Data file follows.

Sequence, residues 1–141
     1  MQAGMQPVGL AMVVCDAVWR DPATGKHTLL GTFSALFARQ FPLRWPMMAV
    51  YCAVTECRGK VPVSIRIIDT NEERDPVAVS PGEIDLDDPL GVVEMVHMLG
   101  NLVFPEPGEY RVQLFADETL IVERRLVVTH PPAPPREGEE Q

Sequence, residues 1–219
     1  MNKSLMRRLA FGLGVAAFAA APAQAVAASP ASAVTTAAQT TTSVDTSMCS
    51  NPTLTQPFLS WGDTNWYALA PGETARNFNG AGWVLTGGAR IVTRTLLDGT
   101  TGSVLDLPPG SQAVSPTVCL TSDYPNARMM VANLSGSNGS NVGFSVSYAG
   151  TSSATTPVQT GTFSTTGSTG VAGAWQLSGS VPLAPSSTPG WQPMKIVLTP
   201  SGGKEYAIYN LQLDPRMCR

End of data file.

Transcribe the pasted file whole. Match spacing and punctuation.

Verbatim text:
Sequence, residues 1–141
     1  MQAGMQPVGL AMVVCDAVWR DPATGKHTLL GTFSALFARQ FPLRWPMMAV
    51  YCAVTECRGK VPVSIRIIDT NEERDPVAVS PGEIDLDDPL GVVEMVHMLG
   101  NLVFPEPGEY RVQLFADETL IVERRLVVTH PPAPPREGEE Q

Sequence, residues 1–219
     1  MNKSLMRRLA FGLGVAAFAA APAQAVAASP ASAVTTAAQT TTSVDTSMCS
    51  NPTLTQPFLS WGDTNWYALA PGETARNFNG AGWVLTGGAR IVTRTLLDGT
   101  TGSVLDLPPG SQAVSPTVCL TSDYPNARMM VANLSGSNGS NVGFSVSYAG
   151  TSSATTPVQT GTFSTTGSTG VAGAWQLSGS VPLAPSSTPG WQPMKIVLTP
   201  SGGKEYAIYN LQLDPRMCR